TIP of the day: from the blogs: some quotations on literal sense

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MJ. Smith | Forum Activity | Posted: Sat, Feb 6 2016 2:44 AM

This is from Do I Interpret the Bible Literally? by The Middletown Bible Church. The article is primarily on dispensational interpretation but I found these opening quotations interesting.

Bernard Ramm says, "We use the word 'literal' in its dictionary sense:  '...the natural or usual construction and implication of a writing or expression; following the ordinary and apparent sense of words; not allegorical or metaphorical' (Webster's New International Dictionary)" [Bernard Ramm, Protestant Biblical Interpretation (Grand Rapids: Baker Book House, 1970), 119.] 

Mal Couch and Charles Ryrie express this concept well:

A normal reading of Scripture is synonymous with a consistent literal, grammatico-historical hermeneutic.  When a literal hermeneutic is applied to the interpretation of Scripture, every word written in Scripture is given the normal meaning it would have in its normal usage.  Proponents of a consistent, literal reading of Scripture prefer the phrase a normal reading of Scripture to establish the difference between literalism and letterism[Mal Couch, General Editor, An Introduction to Classical Evangelical Hermeneutics (Grand Rapids: Kregel, 2002), 33.]

If God be the originator of language and if the chief purpose of originating it was to convey His message to humanity, then it must follow that He, being all-wise and all-loving, originated sufficient language to convey all that was in His heart to tell mankind.  Furthermore, it must also follow that He would use language and expect people to understand it in its literal, normal, and plain sense.  The Scriptures, then, cannot be regarded as an illustration of some special use of language so that in the interpretation of these Scriptures some deeper meaning of the words must be sought.  [Charles C. Ryrie, Dispensationalism (Chicago: Moody Press, 1995), 81.]

The Clarifying Statement on Dispensationalism, published by the New England Bible Conference, says it this way:


The Bible must be interpreted literally which is the way language is normally and naturally understood. We recognize that the Bible writers frequently used figurative language which is a normal and picturesque way of portraying literal truth. The Bible must be understood in the light of the normal use of language, the usage of words, the historical and cultural background, the context of the passage and the overall teaching of the Bible (2 Tim. 2:15). Most importantly, the believer must study the Bible in full dependence upon the SPIRIT OF TRUTH whose ministry is to reveal Christ and illumine the minds and hearts of believers (John 5:39; 16:13-15; 1 Cor. 2:9-16). The natural, unregenerate man cannot understand or interpret correctly the Word of God. The things of God are foolishness to him, he cannot know them (1 Cor. 2:14), and his mind is blinded (Rom. 3:11; 2 Cor. 4:3-4).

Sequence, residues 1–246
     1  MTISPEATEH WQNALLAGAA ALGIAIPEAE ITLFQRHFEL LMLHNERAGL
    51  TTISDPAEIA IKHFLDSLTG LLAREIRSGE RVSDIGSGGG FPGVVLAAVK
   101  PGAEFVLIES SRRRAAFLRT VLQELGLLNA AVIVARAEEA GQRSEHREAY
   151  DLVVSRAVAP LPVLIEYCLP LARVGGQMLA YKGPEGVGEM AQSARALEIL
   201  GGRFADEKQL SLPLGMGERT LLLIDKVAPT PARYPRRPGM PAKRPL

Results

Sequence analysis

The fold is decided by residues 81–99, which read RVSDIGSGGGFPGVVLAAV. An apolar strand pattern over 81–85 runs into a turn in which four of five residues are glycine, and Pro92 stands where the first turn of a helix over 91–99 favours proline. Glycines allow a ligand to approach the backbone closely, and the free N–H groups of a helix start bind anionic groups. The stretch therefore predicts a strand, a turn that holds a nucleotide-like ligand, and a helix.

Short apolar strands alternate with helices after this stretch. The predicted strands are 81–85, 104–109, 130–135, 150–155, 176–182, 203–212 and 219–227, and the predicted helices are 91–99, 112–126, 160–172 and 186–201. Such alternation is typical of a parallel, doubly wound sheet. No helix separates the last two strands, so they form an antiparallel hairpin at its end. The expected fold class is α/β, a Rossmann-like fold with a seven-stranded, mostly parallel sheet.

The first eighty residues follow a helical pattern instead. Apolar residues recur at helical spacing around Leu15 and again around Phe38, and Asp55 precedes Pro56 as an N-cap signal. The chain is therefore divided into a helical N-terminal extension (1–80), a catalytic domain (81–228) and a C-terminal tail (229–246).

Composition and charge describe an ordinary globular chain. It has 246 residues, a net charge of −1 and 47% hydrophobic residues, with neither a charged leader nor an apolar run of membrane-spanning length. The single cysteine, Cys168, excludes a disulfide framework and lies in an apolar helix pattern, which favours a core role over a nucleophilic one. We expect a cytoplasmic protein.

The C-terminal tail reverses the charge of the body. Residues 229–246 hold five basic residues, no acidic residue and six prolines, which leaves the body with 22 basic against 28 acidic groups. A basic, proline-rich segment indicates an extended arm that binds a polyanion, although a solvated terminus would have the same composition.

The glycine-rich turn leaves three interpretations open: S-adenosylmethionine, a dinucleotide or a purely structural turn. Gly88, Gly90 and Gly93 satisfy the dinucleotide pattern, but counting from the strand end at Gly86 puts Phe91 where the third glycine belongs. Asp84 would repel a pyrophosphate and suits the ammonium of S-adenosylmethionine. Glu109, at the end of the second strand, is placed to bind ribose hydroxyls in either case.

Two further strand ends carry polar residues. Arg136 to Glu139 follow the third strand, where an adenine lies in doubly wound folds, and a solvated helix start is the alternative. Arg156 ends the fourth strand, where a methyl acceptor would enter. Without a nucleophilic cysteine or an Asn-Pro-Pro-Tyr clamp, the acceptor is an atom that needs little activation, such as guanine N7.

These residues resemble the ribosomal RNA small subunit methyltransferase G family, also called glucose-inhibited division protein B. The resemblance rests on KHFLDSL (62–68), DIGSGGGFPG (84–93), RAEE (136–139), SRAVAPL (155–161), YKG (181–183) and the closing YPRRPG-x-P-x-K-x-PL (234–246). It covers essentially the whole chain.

. . .

Dr. David L. Cooper, the founder of The Biblical Research Society, was proficient in the Biblical languages. He studied Greek under Dr. A. T. Robertson.  Dr. Cooper is known for his “Golden Rule of Interpretation” which is as follows:

When the plain sense of Scripture

        makes common sense,

        seek no other sense;

Therefore, take every word

        at its primary, ordinary,

        usual, literal meaning

Unless the facts

        of the immediate context,

        studied in the light

Of related passages and

        axiomatic and fundamental truths

        indicate clearly otherwise.

[This rule was published regularly in Dr. Cooper's monthly magazine, Biblical Research Monthly.]

A shortened form of the above rule goes like this:

If the plain sense makes good sense seek no other sense lest it result in nonsense.


I'd love to see some of your favorite or most through-provoking definitions of literal sense. I'm not interested in a theological debate - just a collection of interesting definitions/descriptions.

Orthodox Bishop Hilarion Alfeyev: "To be a theologian means to have experience of a personal encounter with God through prayer and worship."

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